The Best Classic Movies Streaming on Tubi TV

If you’re a fan of classic film, it can be a challenge to find movies that will sate your old Hollywood craving. However, Tubi has a great selection of titles that stand the test of time, including silent beauties, Oscar-winning dramas, and hilarious comedies. These are the best classic movies streaming now on Tubi TV, and we’re always adding more to our Classics category.

Best Classic Movies Streaming on Tubi TV

To Be or Not to Be (1942)

Nazi-occupied Poland might not seem the the best setting for a comedy, but director Ernst Lubitsch brings his famed touch to the setting with hilarious results. Carole Lombard and Jack Benny star in this essential film.

Paths of Glory (1958)

Stanley Kubrick’s anti-war classic stars Kirk Douglas as a World War I commanding officer who defends his soldiers in a court-martial. It may have been set at the beginning of the 20th century and made in the middle of it, but it’s still a vital film in the 21st century.

Charade (1964)

Audrey Hepburn and Cary Grant charm each other — and the audience — in this genre-bending film that melds romance, mystery, and comedy. Shot in Paris, Charade is one of cinema’s most purely fun movies that feels like Hitchcock, but is all director Stanley Donen.

Foreign Correspondent (1940)

Less well-known than Alfred Hitchcock‘s other 1940 film, Rebecca, this is still a cracking spy thriller that marked the director’s second American outing. Starring Joel McCrea and Laraine Day, Foreign Correspondent also features Edmund Gwenn (Miracle on 34th Street) in a very non-Santa-like role.

The Cabinet of Dr. Caligari (1920)

Though it was released in 1920, this German Expressionist film still ranks among some of the best cinematography in movie history. The Cabinet of Dr. Caligari mixes fantasy and horror, resulting in one of the essential silent films.

Stalag 17 (1953)

Like To Be or Not to Be, this Billy Wilder film mines World War II for comedy, as well as some intense drama. William Holden won an Oscar for playing Sgt. J.J. Sefton, a POW suspected by his fellow prisoners of being an informant.

Night of the Living Dead (1968)

What would our movie and TV landscape look like without George A. Romero‘s zombie classic? It not only prepared the way for other Romero classics like Dawn of the Dead, but it also inspired everything from The Walking Dead to Shaun of the Dead.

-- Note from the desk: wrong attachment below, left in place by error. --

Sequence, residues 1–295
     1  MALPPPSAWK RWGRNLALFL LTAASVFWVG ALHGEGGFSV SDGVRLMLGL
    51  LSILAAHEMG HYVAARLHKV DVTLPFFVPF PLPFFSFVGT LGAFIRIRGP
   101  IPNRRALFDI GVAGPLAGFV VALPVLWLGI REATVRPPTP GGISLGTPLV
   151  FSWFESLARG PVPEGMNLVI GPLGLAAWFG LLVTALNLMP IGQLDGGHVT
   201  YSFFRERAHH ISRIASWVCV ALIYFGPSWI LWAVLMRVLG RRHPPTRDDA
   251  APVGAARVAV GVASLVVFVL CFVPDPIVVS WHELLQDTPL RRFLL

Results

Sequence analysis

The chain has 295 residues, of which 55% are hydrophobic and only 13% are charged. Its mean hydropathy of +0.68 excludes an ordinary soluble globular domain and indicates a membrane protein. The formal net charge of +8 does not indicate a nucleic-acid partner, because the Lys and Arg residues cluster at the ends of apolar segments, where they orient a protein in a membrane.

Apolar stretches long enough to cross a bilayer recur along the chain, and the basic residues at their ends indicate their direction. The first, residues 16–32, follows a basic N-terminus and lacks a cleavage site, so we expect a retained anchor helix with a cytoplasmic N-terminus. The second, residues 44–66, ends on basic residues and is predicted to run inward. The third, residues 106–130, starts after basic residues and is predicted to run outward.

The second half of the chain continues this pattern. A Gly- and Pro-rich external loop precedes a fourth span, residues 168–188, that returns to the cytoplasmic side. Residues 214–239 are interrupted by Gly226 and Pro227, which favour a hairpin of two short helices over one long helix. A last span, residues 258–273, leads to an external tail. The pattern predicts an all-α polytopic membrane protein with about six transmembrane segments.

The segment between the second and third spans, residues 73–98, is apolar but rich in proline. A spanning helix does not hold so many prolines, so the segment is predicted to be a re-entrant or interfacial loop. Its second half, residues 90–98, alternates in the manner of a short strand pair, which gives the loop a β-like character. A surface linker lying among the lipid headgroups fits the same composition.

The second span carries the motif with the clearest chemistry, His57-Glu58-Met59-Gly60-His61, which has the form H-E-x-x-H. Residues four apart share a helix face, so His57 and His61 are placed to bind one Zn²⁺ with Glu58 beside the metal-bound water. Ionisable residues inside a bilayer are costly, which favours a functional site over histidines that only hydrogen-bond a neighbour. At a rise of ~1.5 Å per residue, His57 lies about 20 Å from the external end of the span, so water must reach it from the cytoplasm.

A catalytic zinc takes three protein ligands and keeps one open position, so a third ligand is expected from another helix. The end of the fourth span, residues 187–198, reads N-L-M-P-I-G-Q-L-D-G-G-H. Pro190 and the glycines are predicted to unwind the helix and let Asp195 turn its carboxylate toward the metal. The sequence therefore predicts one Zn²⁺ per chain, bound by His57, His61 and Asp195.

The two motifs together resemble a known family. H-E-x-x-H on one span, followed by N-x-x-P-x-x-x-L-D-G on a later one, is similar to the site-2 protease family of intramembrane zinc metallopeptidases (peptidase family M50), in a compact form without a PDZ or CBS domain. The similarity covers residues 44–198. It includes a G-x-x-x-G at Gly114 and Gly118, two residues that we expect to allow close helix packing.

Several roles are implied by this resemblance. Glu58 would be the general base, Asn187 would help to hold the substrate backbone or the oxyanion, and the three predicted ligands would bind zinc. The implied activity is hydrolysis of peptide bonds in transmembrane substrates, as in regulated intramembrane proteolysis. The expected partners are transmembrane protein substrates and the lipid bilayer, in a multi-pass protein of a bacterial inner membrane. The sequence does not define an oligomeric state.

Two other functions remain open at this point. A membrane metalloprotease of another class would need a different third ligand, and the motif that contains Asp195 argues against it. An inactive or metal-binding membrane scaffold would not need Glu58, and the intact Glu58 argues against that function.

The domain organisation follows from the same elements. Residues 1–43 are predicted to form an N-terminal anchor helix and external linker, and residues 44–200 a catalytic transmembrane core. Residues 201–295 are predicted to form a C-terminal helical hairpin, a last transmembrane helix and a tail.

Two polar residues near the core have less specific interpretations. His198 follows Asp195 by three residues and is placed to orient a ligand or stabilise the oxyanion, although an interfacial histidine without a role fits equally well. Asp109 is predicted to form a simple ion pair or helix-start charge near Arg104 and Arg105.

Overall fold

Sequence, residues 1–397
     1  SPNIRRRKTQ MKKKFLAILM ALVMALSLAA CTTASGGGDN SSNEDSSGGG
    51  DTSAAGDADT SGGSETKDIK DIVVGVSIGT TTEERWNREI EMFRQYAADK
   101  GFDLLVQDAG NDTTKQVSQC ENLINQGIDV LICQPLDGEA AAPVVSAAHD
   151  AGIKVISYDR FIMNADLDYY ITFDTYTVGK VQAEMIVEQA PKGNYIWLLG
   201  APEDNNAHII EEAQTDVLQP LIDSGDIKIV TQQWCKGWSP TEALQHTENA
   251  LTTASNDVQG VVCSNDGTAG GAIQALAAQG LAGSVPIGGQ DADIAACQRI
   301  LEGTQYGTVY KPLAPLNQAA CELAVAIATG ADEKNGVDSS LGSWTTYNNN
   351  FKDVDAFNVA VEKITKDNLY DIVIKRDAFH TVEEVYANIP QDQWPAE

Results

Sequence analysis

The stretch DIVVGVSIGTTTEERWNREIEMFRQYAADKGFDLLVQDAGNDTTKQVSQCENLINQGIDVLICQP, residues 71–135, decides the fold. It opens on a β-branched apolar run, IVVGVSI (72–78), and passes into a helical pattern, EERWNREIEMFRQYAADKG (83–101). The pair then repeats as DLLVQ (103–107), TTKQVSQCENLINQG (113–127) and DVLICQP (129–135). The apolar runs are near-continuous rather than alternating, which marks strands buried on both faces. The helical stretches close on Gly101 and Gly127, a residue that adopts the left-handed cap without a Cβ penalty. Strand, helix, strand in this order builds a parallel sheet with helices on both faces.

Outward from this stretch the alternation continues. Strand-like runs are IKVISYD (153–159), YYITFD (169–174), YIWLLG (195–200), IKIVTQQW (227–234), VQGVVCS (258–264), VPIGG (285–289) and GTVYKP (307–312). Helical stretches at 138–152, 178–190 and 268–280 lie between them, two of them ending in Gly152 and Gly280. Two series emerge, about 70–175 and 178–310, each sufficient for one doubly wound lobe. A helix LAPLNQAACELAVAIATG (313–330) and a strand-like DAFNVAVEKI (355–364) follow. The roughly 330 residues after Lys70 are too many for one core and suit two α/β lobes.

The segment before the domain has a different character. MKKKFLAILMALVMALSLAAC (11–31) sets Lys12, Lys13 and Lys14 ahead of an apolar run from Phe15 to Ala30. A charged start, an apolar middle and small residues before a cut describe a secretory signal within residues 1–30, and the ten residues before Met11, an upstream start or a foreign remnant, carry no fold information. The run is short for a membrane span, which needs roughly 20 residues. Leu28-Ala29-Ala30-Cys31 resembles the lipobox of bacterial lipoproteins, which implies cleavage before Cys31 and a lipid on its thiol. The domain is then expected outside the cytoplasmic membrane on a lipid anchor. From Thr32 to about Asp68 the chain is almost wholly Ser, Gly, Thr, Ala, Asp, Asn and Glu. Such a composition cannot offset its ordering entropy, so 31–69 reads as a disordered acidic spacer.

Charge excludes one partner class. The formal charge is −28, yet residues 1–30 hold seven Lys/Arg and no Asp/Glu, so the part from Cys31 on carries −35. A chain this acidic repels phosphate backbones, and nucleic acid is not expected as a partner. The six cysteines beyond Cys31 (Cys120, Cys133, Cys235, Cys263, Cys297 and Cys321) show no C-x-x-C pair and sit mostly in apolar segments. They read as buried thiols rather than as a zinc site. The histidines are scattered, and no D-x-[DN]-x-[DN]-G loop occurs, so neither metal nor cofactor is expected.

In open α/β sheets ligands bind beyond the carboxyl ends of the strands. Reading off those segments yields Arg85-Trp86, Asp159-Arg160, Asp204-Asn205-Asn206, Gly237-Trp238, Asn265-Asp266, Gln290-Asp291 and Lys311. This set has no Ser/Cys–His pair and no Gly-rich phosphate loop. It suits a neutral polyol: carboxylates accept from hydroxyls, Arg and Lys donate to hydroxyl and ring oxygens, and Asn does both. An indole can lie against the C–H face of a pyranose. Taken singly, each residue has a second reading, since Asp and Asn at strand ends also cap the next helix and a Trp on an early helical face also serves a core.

The Killing (1956)

This Stanley Kubrick film noir stars Sterling Hayden as a career criminal whose last heist doesn’t go according to plan. Though it is an early entry in the director’s filmography, its nonlinear structure indicates the future genius to come from the filmmaker.

Nosferatu (1922)

We love F.W. Murnau‘s moody use of shadow in this silent classic that basically brings the story of Dracula to the screen under another name. Max Schreck‘s committed performance was the subject of the also-great Shadow of the Vampire almost eight decades later.

Paper Moon (1973)

Peter Bogdanovich‘s nostalgic road movie boasts gorgeous black-and-white cinematography from Laszlo Kovacs, a charming con man script from Alvin Sargent, and an Oscar-winning performance from nine-year-old Tatum O’Neal, playing alongside her real-life dad Ryan O’Neal.

Great Expectations (1947)

One of the first movies selected for the Criterion Collection (spine #31), this David Lean drama is an Oscar winner that brings Charles Dickens‘ novel to life. Great Expectations features the credited film debut of Alex Guinness as Fagin, who later worked with Lean on Lawrence of Arabia, Dr. Zhivago, and A Passage to India.

McLintock! (1963)

The film’s tagline — “He Tamed the West. But Could He Tame Her?” — is definitely a relic of the past, but this Western is still incredibly watchable. A lot of that is due to its stars, frequent collaborators John Wayne and Maureen O’Hara, whose fiery chemistry here and in The Quiet Man is one of the best pairings in movie history.

And Then There Were None! (1945)

This Agatha Christie adaptation influenced movies from Clue to Identity. If you’ve read the novel or seen the other versions, this excellent whodunit still deserves a viewing, and not just because it changes up the ending.

The Man with the Golden Arm (1955)

This Otto Preminger drama starts off with opening titles from Saul Bass, with the rest of the film offering a strong performance from Frank Sinatra. The icon plays a gambler who struggles with drug addiction, a subject which caused this film to be released without the Production Code seal.

The Hitch-hiker (1953)

This masterful crime thriller boasts actress Ida Lupino behind the camera, offering a rare noir directed by a woman. The serial killer at its heart (played by William Talman) can go toe-to-toe with more famous on-screen murderers.

The Little Princess (1939)

A great entry point for the next generation of classic film fans, this sweet children’s movie stars Shirley Temple in the title role. Frances Hodgson Burnett‘s novel finds the child star playing a privileged but kind student at an all-girls school who finds her fortunes changed overnight.

Which classic movies are your favorite? Tell us in the comments.


Originally published at tubitv.wpengine.com on June 20, 2017.